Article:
Courses

BSTD 706: Methodology Seminar II

The Methodology Seminars are courses on translation method and include discussion of issues such as target language style, audience, translation policy, cultural context, variant meanings, consistency in usage, issues in translation studies and handling translation problems. Also discussed in these courses are the methodological issues involved in translating religious texts in general and Buddhist texts in particular.

BSTD 803: Methodology Seminar III

The Methodology Seminars are courses on translation method and include discussion of issues such as target language style, audience, translation policy, cultural context, variant meanings, consistency in usage, issues in translation studies and handling translation problems. Also discussed in these courses are the methodological issues involved in translating religious texts in general and Buddhist texts in particular.

BSTD 707: Translation Workshop I

This course is a translation workshop where students bring their translations for critique and comment from the faculty member (an experienced translator) and their fellow students. Issues of accuracy, clarity, concision, readability, and suitability are considered and discussed. A suitable text is selected and translated by the entire class.

BSTD 708: Translation Workshop II

This course is a translation workshop where students bring their translations for critique and comment from the faculty member (an experienced translator) and their fellow students. Issues of accuracy, clarity, concision, readability, and suitability are considered and discussed. A suitable text is selected and translated by the entire class.

BSTD 801: Independent Reading

This course involves independent reading in the genre of the text chosen for the thesis to familiarize students with the vocabulary, idioms and conventions of that genre. Students also do secondary reading on such topics as history, philosophy, philology, anthropology, and textual criticism as it relates to their chosen texts. Student are guided in their reading by the Thesis Supervisor and, during bi-weekly meetings, they discuss key points of the texts being read as it relates to translation issues and examine the student’s understanding of the content of the texts.

BSTD 802: Guided Studies

This course is a bi-weekly workshop in which students will exchange translations of the texts they are working on for their thesis and discuss other translations of related material when relevant. By the beginning of the fall semester, students should have draft translations of a significant portion of their thesis texts to share with the class.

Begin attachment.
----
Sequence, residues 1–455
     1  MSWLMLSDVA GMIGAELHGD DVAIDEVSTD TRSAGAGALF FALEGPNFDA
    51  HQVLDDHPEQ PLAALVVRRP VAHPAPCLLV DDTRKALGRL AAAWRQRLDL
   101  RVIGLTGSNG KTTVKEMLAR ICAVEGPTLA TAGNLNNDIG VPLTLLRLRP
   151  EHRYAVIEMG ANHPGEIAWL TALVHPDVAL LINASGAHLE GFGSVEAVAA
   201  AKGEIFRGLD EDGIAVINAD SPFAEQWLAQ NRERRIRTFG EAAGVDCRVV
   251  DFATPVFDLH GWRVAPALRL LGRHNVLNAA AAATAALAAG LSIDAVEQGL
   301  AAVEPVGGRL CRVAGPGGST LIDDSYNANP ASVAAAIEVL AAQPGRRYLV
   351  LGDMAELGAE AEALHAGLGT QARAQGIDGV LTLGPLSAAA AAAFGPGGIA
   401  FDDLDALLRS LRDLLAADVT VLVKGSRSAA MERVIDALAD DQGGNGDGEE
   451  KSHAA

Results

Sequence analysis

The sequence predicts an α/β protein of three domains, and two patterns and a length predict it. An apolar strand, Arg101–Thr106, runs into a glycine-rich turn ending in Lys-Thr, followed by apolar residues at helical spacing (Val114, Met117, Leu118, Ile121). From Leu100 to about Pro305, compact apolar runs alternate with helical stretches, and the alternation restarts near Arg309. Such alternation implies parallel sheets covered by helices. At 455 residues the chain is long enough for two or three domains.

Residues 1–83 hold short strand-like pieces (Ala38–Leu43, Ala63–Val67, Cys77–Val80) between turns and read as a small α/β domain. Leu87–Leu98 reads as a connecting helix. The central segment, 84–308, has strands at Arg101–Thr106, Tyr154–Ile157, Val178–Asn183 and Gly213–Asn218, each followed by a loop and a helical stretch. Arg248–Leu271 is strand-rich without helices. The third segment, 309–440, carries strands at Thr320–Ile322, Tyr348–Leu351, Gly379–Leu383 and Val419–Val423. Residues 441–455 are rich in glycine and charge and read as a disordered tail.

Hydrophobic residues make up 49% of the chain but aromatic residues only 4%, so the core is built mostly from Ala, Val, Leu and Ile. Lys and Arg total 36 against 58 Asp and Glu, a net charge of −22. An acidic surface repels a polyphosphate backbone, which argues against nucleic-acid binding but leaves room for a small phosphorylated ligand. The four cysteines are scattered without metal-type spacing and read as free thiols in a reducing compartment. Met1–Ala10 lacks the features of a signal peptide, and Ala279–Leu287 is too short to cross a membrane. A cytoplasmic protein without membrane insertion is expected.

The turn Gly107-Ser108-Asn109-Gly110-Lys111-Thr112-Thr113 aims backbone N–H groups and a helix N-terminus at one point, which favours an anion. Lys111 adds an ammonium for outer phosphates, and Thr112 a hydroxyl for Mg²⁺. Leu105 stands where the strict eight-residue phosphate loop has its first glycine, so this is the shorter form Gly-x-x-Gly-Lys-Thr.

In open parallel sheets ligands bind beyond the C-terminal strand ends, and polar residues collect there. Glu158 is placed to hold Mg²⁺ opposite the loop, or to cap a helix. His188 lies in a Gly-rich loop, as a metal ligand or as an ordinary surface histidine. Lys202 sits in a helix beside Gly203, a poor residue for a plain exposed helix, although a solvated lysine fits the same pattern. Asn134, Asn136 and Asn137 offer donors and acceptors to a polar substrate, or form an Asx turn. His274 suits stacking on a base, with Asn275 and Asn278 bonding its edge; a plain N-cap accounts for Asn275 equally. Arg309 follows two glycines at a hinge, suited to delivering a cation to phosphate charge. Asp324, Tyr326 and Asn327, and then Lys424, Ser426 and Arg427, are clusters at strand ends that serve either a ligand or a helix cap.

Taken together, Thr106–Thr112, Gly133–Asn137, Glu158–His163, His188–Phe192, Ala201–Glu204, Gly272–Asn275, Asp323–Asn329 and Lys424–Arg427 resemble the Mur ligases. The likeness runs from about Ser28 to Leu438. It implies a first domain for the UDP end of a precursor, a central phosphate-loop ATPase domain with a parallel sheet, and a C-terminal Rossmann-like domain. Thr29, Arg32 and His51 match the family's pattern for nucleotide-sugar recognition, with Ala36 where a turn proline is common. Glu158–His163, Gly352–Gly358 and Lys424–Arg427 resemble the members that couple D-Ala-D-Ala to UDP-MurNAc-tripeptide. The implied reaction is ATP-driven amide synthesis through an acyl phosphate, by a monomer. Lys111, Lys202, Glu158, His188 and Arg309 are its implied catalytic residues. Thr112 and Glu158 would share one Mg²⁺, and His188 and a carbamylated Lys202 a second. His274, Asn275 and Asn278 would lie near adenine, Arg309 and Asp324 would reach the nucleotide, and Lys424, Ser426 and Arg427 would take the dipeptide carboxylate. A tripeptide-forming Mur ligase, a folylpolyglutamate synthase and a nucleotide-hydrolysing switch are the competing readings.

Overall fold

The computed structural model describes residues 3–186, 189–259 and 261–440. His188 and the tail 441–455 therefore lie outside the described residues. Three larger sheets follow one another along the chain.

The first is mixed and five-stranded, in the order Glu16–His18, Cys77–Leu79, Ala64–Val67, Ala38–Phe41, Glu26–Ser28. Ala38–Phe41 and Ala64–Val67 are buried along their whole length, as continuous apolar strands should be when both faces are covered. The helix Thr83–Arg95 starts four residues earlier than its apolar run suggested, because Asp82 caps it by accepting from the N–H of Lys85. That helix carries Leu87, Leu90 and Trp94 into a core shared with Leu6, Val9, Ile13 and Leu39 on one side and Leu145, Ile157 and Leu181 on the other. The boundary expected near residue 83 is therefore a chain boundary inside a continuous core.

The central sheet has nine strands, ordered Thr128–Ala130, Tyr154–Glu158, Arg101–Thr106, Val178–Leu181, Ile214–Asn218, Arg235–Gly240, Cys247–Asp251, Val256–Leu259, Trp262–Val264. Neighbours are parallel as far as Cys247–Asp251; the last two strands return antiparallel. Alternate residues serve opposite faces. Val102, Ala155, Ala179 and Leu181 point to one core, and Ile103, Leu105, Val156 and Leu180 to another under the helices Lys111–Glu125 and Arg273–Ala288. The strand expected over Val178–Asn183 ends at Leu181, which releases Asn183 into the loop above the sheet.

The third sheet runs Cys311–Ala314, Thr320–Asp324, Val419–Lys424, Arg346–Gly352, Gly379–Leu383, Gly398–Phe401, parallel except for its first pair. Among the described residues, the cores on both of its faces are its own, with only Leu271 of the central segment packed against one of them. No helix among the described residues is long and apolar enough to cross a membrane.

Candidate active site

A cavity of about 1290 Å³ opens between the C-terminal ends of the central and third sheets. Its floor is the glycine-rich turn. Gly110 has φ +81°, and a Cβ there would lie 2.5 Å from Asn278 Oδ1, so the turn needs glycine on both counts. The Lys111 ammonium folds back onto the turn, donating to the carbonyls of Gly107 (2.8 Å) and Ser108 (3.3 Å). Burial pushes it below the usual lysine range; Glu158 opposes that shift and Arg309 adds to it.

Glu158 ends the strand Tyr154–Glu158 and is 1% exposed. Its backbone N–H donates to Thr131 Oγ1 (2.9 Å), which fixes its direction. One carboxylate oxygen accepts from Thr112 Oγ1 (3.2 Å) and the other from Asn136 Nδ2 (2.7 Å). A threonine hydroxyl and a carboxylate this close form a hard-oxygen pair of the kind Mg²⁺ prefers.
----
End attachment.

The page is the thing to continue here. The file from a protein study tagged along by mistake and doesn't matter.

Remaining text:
BSTD 810: MA Thesis

The thesis will be a translation of a previously untranslated text and should have an appropriate introduction that puts the text and its translation into the appropriate historical, doctrinal, and literary context. By April 30th of the first year of study in the MA program, the student must submit a Thesis Proposal (approx. 1,500 - 1,800 words), developed in collaboration with the Thesis Supervisor, for approval by the Graduate Committee at CBS. In order to proceed to the third semester of study it is a requirement that this committee approves the thesis proposal.

OL TA: The Tibetan Alphabet

This short self-study course guides students through learning the Tibetan alphabet. Upon concluding the seven units successfully, students will have gained visual and auditory familiarity with the 30 “letters” and four “vowels” of Tibetan, be able to spell according to the Tibetan spelling system, and read short sentences in Tibetan.

As this is an entry-level course, there is no prerequisite to study. This course is a prerequisite for RYI’s online Introduction to Classical Tibetan course.

OL TLAN 101: Introduction to Classical Tibetan

Introduction to Classical Tibetan covers the principal topics of classical Tibetan grammar using handbook material as well as text passages from classical Tibetan Buddhist literature. Although the topic of grammar is central, students are also introduced to the basic vocabulary of classical Tibetan philosophy. This course can serve as a springboard for students to begin to delve into Tibetan texts on their own, and as a foundation for more serious students to continue with confidence into more advanced language instruction.

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